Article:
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Ammy and Nico Herschel collection

Document | Not Digitized | Accession Number: 2004.595.2

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    The Ammy and Nico Herschel collection consists of correspondence, personal papers, biographical materials, newspapers, speeches, programs, and ephemera relating to the pre-war and wartime experiences of Ammy Herschel (née Weyel/Weijel) and Nice Herschel of the Netherlands.

    The biographical materials includes the diaries of Nico Herschel written in the Netherlands from July 1, 1933 to September 7, 1942; Nico Herschel’s school diplomas and report cards, 1927-1928; 1931-1937; Nico Herschel’s ID card for hiking organization, 1935; and Ammy Weyel’s Zionist membership card, September 1940. The Herschel family papers also include documents that were sent into hiding with Tswi Herschel. These documents were buried by the de Jongh family for safekeeping, and were returned to Tswi after the war.

    The correspondence series contains Herschel family correspondence; telegrams sent to Ammy and Nico Herschel following their wedding in 1942; postcards sent by Herman Herschel from Westerbork camp and Dalfsen labor camp; and business correspondence.

    Manuscripts of speeches given by Nico Herschel; handwritten Hebrew lessons; programs, 1935-1937; wedding invitations and table place cards, 1942; the newsletter Joodse Jeugdfederatie, 1940-1941; De Joodsche Wachter, 1940; and an illustrated life calendar created by Nico Herschel for his son Tswi Josef Herschel, 1942 are also included in the collection.
    inclusive:  1927-1942
    Credit Line
    United States Holocaust Memorial Museum Collection, Gift of Tswi Herschel
    Collection Creator
    Herschel family
    Nico Louis Herschel (1915-1943) was born on September 20, 1915 to Herman Herschel (January 14, 1887-October 4, 1942) and Rebekka Herschel (Rebecca née Reindorp) in Zwolle, Netherlands. Ammy Weyel (also known as Malchen Weijel) was born on April 3, 1919 to Bernard Weijel and Rebekka Weijel (née Valk) in Zwolle, Netherlands. On March 29, 1942 Nico Louis Herschel married Ammy Weyel. Nico was a Zionist and worked as an economist and a teacher in a Jewish Gymnasium in Enschede. Ammy worked as telephone operator. Seven months after their wedding, the couple was ordered to move into the Hollandsche Schouwburg in Amsterdam, a former Jewish theater where Jews were held prior to their deportation to the Westerbork camp. Ammy was seven months pregnant. The Herschels received permission to leave the theater and they traveled to Zwolle. On December 29, 1942, their son Tswi Josef Herschel was born. In January 1943, the family was ordered to return to the Hollandsche Schouwburg. Nico contacted Mrs. Schwencke, the wife of his former employer, and her daughter Christine, and asked them to hide the infant. They agreed. In April 1943, Tswi Herschel was sent into hiding along with important Herschel family papers. Aged three months, Tswi was sent to live with the de Jongh family, a non-Jewish family, in Ooosterbeek. Willem de Jongh was the head of the resistance movement and his house was the last safe house north of the Rhine River. Willem’s daughter, Wies de Jongh Spyker was recently married and treated Tswi like her own son, referring to him as Henkie de Jongh. In September 1944, the de Jongh house was bombed during the battle of El Alamein. The family escaped serious injury by hiding in the basement. They later moved to either Utrecht or Spakenburg. In May 1945, Rebecca Hershel, Tswi's paternal grandmother located him and took him to live with his aunt Bella Davidson, Nico Hershel’s sister. Bella’s husband, Aron Leonard Davidson (1914-1943) died at Sobibor on July 13, 1943. She later married Philip de Leeuwe. Sources vary regarding if Tswi was raised by his grandmother, Rebecca Hershel, or his aunt Bella. At the age of eight, Tswi discovered the truth regarding the fate of his parents. Until this time he had assumed the de Jongh family were his true parents and that he was forcibly removed from them. Tswi was raised Jewish and studied optometry and mechanical engineering. He was married in 1965 and had two daughters. In 1986 he and his family immigrated to Israel.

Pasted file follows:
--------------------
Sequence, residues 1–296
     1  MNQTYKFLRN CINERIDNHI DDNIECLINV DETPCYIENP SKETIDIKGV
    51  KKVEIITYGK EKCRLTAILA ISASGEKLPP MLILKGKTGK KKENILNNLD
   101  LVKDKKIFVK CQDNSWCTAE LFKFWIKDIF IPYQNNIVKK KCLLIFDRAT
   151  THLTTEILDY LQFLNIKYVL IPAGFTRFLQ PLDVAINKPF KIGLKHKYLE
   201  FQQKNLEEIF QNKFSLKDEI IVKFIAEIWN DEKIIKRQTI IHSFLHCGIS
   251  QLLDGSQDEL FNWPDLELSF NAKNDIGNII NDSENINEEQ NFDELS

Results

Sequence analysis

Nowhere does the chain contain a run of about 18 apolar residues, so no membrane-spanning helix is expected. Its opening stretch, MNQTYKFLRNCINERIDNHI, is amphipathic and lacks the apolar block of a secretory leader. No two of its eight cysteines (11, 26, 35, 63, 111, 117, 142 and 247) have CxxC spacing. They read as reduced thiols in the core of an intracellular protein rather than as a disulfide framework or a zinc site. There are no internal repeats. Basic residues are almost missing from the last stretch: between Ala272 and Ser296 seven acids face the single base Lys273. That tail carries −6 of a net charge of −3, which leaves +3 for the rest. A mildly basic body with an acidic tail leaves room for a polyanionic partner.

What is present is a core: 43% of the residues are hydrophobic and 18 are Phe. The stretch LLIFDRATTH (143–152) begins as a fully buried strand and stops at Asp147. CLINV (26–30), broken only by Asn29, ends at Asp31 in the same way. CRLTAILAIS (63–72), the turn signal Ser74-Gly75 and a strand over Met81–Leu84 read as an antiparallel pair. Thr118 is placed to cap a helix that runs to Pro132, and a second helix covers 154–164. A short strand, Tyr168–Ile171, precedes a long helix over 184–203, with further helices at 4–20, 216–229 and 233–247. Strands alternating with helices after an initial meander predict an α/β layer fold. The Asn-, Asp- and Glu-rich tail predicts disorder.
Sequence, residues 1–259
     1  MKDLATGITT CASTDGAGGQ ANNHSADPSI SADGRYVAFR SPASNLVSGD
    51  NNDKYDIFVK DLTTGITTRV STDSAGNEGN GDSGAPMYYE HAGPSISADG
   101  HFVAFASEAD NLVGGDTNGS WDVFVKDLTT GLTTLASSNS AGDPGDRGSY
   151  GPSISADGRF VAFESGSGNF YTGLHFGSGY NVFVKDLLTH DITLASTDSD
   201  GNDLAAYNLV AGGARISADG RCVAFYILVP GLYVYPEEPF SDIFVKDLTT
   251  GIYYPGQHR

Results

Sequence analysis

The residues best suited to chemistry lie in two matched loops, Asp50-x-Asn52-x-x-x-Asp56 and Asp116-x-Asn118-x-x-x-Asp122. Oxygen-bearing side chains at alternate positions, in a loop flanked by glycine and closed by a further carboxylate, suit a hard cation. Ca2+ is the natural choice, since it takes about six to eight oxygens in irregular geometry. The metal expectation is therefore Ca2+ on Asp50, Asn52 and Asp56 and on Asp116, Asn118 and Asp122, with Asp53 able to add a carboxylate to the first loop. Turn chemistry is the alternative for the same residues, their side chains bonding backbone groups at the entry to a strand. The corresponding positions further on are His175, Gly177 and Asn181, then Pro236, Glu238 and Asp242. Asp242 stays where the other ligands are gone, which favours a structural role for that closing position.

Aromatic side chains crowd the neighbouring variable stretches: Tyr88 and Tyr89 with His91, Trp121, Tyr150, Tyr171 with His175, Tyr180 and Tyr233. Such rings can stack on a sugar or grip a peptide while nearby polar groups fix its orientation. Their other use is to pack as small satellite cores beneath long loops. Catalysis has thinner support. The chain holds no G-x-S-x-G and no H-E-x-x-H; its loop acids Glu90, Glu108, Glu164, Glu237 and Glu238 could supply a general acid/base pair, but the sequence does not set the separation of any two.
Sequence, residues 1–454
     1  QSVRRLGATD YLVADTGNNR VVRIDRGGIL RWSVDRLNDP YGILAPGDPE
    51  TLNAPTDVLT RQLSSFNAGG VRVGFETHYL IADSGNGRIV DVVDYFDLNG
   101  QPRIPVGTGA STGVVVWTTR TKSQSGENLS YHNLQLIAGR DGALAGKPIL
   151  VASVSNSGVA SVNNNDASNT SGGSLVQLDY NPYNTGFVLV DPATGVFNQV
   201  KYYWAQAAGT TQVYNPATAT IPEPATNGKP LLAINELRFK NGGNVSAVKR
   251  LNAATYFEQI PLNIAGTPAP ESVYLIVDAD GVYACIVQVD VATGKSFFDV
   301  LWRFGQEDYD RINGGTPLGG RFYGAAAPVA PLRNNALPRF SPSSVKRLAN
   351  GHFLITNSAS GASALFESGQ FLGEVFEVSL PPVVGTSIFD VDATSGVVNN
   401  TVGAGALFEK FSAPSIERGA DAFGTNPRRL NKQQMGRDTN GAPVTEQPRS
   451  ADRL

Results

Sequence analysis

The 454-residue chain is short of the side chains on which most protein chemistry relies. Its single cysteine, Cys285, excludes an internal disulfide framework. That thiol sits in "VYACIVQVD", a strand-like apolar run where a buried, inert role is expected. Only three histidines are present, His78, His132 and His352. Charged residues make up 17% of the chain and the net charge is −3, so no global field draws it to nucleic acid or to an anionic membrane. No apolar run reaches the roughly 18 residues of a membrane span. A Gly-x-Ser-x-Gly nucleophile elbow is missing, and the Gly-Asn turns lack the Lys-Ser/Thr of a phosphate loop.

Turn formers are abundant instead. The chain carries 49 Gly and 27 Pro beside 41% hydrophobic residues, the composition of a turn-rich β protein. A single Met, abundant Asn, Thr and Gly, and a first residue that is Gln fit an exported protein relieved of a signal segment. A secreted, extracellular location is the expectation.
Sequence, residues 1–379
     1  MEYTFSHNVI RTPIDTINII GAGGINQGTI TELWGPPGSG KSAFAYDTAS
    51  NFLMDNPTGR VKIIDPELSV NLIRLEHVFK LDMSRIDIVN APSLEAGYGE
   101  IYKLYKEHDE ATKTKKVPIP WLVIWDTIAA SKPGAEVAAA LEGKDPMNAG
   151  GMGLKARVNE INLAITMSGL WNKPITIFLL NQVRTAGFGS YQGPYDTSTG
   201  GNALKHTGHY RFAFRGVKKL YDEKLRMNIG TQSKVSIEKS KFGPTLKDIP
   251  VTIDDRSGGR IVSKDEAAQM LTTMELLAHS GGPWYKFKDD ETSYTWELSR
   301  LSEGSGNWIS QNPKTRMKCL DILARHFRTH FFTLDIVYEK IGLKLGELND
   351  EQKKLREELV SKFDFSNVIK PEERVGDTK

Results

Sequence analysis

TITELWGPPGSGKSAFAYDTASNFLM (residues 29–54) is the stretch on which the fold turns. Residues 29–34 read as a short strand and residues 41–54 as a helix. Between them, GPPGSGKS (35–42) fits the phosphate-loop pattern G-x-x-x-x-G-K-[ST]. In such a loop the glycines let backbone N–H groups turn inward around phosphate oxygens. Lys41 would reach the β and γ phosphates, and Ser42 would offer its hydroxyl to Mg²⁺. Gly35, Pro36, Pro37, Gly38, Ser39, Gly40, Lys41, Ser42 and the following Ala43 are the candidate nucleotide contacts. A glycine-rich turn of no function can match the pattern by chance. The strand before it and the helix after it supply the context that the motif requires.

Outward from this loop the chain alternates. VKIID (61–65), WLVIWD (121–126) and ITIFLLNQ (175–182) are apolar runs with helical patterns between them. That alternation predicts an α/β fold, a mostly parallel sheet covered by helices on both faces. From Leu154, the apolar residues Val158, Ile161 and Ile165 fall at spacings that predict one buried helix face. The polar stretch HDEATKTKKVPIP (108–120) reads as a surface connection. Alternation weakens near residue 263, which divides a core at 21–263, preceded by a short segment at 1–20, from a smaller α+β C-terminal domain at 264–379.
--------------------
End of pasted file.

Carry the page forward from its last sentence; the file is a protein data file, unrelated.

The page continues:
On October 4, 1942, Herman Herschel, Nico Herschel’s father, perished at Auschwitz concentration camp. In June 1943 Nico and Ammy were deported to the Westerbork camp. On either July 23, 1943 or July 27, 1943 Nico and Ammy Herschel perished at the Sobibor concentration camp.

    Physical Details

    1 box
    2 oversize folders
    System of Arrangement
    The Ammy and Nico Herschel collection is arranged in six series.

    Series 1: Biographical materials, 1927-1937
    Series 2: Correspondence, 1940-1942
    Series 3: Manuscripts, 1933-1940, undated
    Series 4: Printed materials, 1940-1941
    Series 5: Ephemera, circa 1940s
    Series 6: Artwork, 1942

    Rights & Restrictions

    Conditions on Access
    There are no known restrictions on access to this material.
    Conditions on Use
    The donor, source institution, or a third party has asserted copyright over some or all of these material(s). The Museum does not own the copyright for the material and does not have authority to authorize use. For permission, please contact the rights holder(s).

    Keywords & Subjects

    Administrative Notes

    Tswi J. Herschel donated the Ammy and Nico Herschel collection to the United States Holocaust Memorial Museum in 2004, 2007, 2008 and 2009. Each donation was assigned its own accession number: 2004.595.1, 2007.439.1, 2008.326.1, 2010.493.1.
    Funding Note
    The cataloging of this collection has been supported by a grant from the Conference on Jewish Material Claims Against Germany.
    Primary Number
    Record last modified:
    2024-04-10 13:47:20
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